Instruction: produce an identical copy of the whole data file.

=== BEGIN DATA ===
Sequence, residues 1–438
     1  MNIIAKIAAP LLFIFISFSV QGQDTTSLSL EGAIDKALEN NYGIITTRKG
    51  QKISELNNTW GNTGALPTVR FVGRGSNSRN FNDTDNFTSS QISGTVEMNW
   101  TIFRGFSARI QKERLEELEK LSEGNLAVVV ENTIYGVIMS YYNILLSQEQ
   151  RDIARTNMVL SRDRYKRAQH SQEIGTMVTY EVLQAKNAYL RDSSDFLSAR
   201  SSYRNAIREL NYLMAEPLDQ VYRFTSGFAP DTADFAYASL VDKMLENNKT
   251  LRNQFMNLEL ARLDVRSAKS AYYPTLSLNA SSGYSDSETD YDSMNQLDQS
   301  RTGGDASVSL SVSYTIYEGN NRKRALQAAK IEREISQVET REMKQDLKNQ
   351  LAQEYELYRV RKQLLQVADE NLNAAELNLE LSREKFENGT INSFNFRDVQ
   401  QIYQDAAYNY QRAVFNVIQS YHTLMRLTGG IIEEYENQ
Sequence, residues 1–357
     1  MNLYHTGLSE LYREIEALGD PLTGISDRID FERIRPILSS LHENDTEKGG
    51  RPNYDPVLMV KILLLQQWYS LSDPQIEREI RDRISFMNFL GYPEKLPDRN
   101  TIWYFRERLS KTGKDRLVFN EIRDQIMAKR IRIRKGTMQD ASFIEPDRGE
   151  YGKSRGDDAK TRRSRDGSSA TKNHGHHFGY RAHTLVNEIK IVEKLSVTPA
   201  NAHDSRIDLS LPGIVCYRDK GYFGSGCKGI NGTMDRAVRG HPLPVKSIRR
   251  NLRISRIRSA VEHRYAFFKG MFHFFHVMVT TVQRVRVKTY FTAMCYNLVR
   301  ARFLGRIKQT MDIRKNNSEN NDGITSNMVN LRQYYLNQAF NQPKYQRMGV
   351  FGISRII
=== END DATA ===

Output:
Sequence, residues 1–438
     1  MNIIAKIAAP LLFIFISFSV QGQDTTSLSL EGAIDKALEN NYGIITTRKG
    51  QKISELNNTW GNTGALPTVR FVGRGSNSRN FNDTDNFTSS QISGTVEMNW
   101  TIFRGFSARI QKERLEELEK LSEGNLAVVV ENTIYGVIMS YYNILLSQEQ
   151  RDIARTNMVL SRDRYKRAQH SQEIGTMVTY EVLQAKNAYL RDSSDFLSAR
   201  SSYRNAIREL NYLMAEPLDQ VYRFTSGFAP DTADFAYASL VDKMLENNKT
   251  LRNQFMNLEL ARLDVRSAKS AYYPTLSLNA SSGYSDSETD YDSMNQLDQS
   301  RTGGDASVSL SVSYTIYEGN NRKRALQAAK IEREISQVET REMKQDLKNQ
   351  LAQEYELYRV RKQLLQVADE NLNAAELNLE LSREKFENGT INSFNFRDVQ
   401  QIYQDAAYNY QRAVFNVIQS YHTLMRLTGG IIEEYENQ
Sequence, residues 1–357
     1  MNLYHTGLSE LYREIEALGD PLTGISDRID FERIRPILSS LHENDTEKGG
    51  RPNYDPVLMV KILLLQQWYS LSDPQIEREI RDRISFMNFL GYPEKLPDRN
   101  TIWYFRERLS KTGKDRLVFN EIRDQIMAKR IRIRKGTMQD ASFIEPDRGE
   151  YGKSRGDDAK TRRSRDGSSA TKNHGHHFGY RAHTLVNEIK IVEKLSVTPA
   201  NAHDSRIDLS LPGIVCYRDK GYFGSGCKGI NGTMDRAVRG HPLPVKSIRR
   251  NLRISRIRSA VEHRYAFFKG MFHFFHVMVT TVQRVRVKTY FTAMCYNLVR
   301  ARFLGRIKQT MDIRKNNSEN NDGITSNMVN LRQYYLNQAF NQPKYQRMGV
   351  FGISRII